I wanted to know more about it, like the science behind it. I wanted to know how people acted with their kids because I've heard a lot about kids not being assigned a gender in the U.S. and in Canada and in other places; but I couldn't do that in France for so many reasons, including just our language, which makes it impossible to not gender someone.
And so I was like, what can I do to make sure that we don't, I don't, and my people surrounding my kid don't project ideas onto them. To not try to push my kid, without even realizing, into one of the two boxes; and then linking them to a sexuality too, and compulsory sexuality in general.
We tend to sexualize kids so early on. Sometimes you’ll hear adults of newborns saying, “Oh, I got a newborn the same age of the opposite sex, maybe one day they'll marry,” you know like as soon as the babies are born. Or, “You two are not best friends. You are lovers. You don't know yet because you're three, but you're lovers.” Sometimes people joke, but it's still something that kids hear, right? It's just insane.
And I think compulsory sexuality is not just in movies like American Pie, or teenagers pressuring each other and all of that. It's very deep in our subconscious. It's deep in our culture. It's the way we talk, the way we socialize our kid. And I do truly believe that the less we gender our kids, the freer they'd be, the happier they will be, but also the less they will feel that pressure to be in a straight relationship and have sex and all of that, you know?
Can we also expect this podcast to be adapted in English?
I don’t no. It's definitely something that we're hoping for, so we'll have to see how well Free from Desire does.
What advice would you give to someone who is looking to understand whether they fall along the asexual spectrum, and especially how to feel confident in this identity in a world that is still insistent about heteronormativity and overt displays of sexuality?
I was asked that question once in France too and I realized I don't actually give tips in the podcast, I just share my story and share other people's stories. I never give tips. Part of it is because I don't want to force people, but also, I just didn't think of it. Or maybe it was not the point of the podcast. I don't know.
But yeah, I did give it some thought after writing it. And I think one of the things, first of all, is just like read about asexuality, even if it scares you. Go onto forums, read stories, read books; we’ve got quite a lot of books that have been released recently in the U.S. notably, such as Ace by Angela Chen, which is wonderful.
So read as much as you can to really understand what [asexuality] is. And don't be afraid to just test it out. Like if you feel like saying that your ace could be comfortable for you right now, just go for it and see how it feels. And know that there are so many different nuances, and it's a spectrum, even if you're not sure where you are on it. There's no fixed definition. If you feel like this word helps you—and reading about other ace people and how they manage their lives and how they reinvent their social life—then go for it. Sexual orientations are just a tool.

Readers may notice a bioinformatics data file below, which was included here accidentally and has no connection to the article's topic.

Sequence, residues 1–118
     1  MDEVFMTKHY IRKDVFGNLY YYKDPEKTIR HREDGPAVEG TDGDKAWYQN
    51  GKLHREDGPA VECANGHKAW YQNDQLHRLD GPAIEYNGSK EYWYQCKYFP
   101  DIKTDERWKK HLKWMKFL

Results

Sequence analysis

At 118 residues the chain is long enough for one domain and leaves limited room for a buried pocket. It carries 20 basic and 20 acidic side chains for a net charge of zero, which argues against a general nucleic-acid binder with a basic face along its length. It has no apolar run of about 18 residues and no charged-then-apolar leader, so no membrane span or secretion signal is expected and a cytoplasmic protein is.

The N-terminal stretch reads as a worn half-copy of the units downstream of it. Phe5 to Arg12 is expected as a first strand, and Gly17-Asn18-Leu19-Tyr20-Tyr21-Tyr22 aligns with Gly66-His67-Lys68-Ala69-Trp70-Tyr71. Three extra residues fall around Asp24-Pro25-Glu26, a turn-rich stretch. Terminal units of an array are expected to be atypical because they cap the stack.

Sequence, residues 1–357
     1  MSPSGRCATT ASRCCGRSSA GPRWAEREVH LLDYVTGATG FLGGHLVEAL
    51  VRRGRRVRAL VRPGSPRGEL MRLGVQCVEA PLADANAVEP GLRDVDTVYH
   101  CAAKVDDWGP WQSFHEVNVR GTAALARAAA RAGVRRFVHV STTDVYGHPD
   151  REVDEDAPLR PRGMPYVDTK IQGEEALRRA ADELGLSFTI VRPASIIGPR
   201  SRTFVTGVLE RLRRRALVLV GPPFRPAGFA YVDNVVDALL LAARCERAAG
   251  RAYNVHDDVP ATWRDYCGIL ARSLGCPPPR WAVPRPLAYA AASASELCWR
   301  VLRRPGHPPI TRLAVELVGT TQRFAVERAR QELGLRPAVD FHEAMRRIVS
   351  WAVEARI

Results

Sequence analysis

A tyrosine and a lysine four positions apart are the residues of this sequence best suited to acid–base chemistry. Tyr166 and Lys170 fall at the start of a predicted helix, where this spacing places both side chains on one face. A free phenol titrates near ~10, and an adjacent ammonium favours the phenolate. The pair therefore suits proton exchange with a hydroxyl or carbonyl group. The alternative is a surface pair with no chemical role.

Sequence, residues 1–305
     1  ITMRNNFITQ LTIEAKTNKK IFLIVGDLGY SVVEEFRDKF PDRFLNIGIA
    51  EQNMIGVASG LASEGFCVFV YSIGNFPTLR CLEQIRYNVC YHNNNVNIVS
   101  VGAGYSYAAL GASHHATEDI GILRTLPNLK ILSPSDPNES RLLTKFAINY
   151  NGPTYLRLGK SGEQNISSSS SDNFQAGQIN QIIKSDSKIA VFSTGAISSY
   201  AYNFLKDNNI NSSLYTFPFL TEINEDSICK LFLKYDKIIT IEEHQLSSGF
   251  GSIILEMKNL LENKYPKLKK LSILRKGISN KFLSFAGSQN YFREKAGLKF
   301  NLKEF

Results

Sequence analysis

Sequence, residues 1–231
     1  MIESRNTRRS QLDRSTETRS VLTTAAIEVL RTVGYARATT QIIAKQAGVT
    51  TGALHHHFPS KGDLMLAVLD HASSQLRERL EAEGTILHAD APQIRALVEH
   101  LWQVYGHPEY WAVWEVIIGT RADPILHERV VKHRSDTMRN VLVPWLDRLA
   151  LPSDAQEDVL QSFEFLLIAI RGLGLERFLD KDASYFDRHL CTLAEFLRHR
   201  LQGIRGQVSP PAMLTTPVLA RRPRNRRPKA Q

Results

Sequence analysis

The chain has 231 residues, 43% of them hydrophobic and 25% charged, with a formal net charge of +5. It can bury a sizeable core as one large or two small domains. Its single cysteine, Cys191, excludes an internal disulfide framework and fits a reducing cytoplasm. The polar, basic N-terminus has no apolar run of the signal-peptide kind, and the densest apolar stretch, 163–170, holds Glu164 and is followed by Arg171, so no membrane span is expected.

Also, I would say talk to people if you can and share that you are open to these kind of conversations. Just talk about it, because I know that's something that helped me a lot is talking with all of my friends, some who thought they were allosexual and actually turned out to be ace.
The more we discussed–even with those who still define themselves as allo people–helped me realize that no one has a sex life or no one feels sexual attraction the way the media tend to let us think. And that actually my way of feeling was not weirder than other people's [feelings]. Every sexuality is unique and I think understanding that makes you feel so much better.
And what would you say being a good ally looks like to people who are asexual?
I mean, the first thing of course, it's not assume that everybody wants sex and not assume that everybody is allosexual. Not assume that everybody is alloromantic. And just having those discussions, you know, if you have a new partner, just don't assume, just ask what do you like, what do you want sex-wise and how do you feel sexual attraction.
But also, if you are a screenwriter, please write more stories that are not about sex and include grownups please. More generally, if you speak or write in your daily life, think about the words and the expressions that you use. I hate when in articles they say “everybody remembers that first time.” I'm like, no, because first off, not everybody had a first time; and why is it called a first time? We think the first time is necessarily sexual. So just try to do less and change the way you talk about sex.
Also, it's not just about sex. In life we are so diverse and so we should never say everybody does X, or everybody does Y, except maybe everybody was born and everybody dies. So just think about the words that you use. Like if you think that people are different, and are uncomfortable with their sex lives, maybe just tell them that it's okay to not want to feel attracted. We need to talk more about the fact that everybody’s life is different.
And to be there, to just be there. I mentioned in the podcast how at the time when I forced myself to have sex, everybody knew I was forcing myself, but nobody said you can stop. Because nobody actually realized, because it was pre #MeToo. And I think now we should say to people, you can stop. You can take a breather.
RAINN - National Hotline for Sexual Assault (U.S.): 800-656-HOPE